If change gets your adrenaline pumping, you are living through a great and historic period. The most pervasive and disruptive changes in history are happening all at once in major segments of the world’s operations: energy, the economy, climate, and politics.
In energy, the end of fossil fuel and foreign oil dependence is clearly visible down the road, as renewable energy sources whittle away at 100 year-old energy profiles. Another strange thing is happening. The Wall Street Journal reports that energy demand from utility companies has dropped dramatically in 2008 where they normally see a 1 to 2 percent increase. It appears that “the trend isn’t a byproduct of the economic downturn,” according to the WSJ, “and could reflect a permanent shift in consumption that will require sweeping change in their industry.” Could it be that a general population shift toward conservation of energy use and away from waste could be triggering the lower usage? Maybe it’s time for utility companies, with the help of government incentives, to change their business plan from making a profit from how much energy they can sell to how much energy they can save for their customers.
In Politics, no one needs to be reminded of the historic nature of new president-elect Barach Obama. But not only the election of an avowed energy and environmentally conscious leader, but with also a supportive House and Senate behind him, we may finally see a much quicker move to renewables and restraints on global warming than from the reluctant, anti-environmental former government. One of the big changes has already happened with Thursday’s House vote to strip Rep. Dingle from Michigan of his chair of the powerful Energy and Commerce Committee that also oversees climate change and global warming. He was replaced by ethics bulldog and avid environmentalist, Henry Waxman. Dingle has long been a protector of the auto industry by fighting the government’s enactment of stronger fuel-economy standards and opposing tough air pollution limits on power plants. And with environmentalist Barbara Boxer as chairwoman of the Senate Environment and Public Works Committee, you can expect an ally in making great changes to protect the earth and the environment–all good news for RVers who love the great outdoors.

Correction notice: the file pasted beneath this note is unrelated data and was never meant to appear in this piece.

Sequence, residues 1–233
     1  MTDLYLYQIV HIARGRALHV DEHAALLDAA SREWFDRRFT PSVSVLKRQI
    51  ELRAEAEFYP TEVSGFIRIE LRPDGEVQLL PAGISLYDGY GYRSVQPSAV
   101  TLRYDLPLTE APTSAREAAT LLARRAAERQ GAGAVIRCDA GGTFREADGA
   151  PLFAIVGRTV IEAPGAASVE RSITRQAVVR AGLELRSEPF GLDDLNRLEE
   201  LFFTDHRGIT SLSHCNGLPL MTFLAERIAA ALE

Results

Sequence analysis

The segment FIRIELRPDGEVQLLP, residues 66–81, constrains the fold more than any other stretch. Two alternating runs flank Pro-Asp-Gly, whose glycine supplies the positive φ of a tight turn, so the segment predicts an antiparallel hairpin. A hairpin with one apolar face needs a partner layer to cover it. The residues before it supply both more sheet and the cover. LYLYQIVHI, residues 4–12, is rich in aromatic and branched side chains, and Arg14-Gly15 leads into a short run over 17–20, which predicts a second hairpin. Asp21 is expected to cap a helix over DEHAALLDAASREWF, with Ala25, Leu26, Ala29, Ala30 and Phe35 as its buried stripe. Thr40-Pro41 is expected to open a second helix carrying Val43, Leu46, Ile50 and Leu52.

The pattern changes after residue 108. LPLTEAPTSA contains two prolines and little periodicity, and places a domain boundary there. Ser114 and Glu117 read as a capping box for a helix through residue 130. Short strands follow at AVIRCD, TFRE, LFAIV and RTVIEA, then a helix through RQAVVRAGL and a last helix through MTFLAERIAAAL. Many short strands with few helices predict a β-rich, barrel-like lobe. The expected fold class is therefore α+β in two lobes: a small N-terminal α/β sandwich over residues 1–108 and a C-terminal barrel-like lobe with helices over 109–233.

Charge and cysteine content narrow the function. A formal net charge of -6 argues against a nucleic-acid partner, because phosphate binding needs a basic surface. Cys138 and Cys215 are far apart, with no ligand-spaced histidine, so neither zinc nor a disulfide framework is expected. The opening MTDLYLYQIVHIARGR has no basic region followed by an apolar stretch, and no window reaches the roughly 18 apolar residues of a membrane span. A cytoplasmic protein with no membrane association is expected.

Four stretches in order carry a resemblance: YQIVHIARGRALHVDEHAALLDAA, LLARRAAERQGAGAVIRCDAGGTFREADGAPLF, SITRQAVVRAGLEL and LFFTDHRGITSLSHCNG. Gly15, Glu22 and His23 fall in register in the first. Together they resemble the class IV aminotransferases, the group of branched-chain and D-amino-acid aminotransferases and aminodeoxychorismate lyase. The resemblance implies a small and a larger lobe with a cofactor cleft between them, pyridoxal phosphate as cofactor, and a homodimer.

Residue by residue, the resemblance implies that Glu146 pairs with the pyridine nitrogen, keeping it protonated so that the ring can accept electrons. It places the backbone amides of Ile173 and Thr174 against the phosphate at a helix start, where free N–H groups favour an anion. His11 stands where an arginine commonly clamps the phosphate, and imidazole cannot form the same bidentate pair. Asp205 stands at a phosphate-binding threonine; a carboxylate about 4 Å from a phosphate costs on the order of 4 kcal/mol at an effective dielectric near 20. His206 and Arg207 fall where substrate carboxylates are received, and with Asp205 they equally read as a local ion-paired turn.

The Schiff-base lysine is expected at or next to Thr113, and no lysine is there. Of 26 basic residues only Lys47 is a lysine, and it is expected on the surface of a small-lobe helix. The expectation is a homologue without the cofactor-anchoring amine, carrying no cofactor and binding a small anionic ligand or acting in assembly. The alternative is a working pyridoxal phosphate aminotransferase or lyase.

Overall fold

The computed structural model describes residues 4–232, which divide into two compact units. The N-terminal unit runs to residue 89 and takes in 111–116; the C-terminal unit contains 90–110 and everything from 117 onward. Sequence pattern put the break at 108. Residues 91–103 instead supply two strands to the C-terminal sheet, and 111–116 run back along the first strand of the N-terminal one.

The changing role of energy with the Waxman/Boxer led committees will be particularly effective in California, where the current government along with Rep. Dingle had previously thwarted the state’s efforts at leading the way in enacting stronger environmental and fuel economy standards than in place by the federal government.
With the more environment-friendly folk in charge, the possibility of what the San Francisco Chronicle headlined as Electric Car Paradise could become a reality. The article reported on a $1 billion investment into the Bay Area cities of San Francisco, Oakland, and San Jose to build the nation’s first electric vehicle network. The plan calls for Shai Agassi’s company, Better Place, to invest in a network of electric-vehicle charging and battery-exchange stations (similar to programs already being built in Israel and Denmark) throughout the Bay Area by 2012. In exchange for this investment, the three mayors will create cohesive regulations for electric vehicles that will apply to the region’s cities and counties. With this type of forward-looking and highly-visible program, soon we will see a plethora of EVs on the market. One car company (no, not one of the Big 3 Detroit dinosaurs), BG Automotive, also announced this week that they will introduce by March of 2009 a 4-door, 5 passenger, electric city car with a top speed of 40 mph, capable of 60 to 120 miles per charge (depending on battery configuration), that will charge in any 120-volt outlet, and sell for $16,000 – $18,000. These will make perfect, emission-free, environmentally-friendly, high-mileage, and economically-practical tow vehicles behind our motorhomes–and they even come in a variety of colors.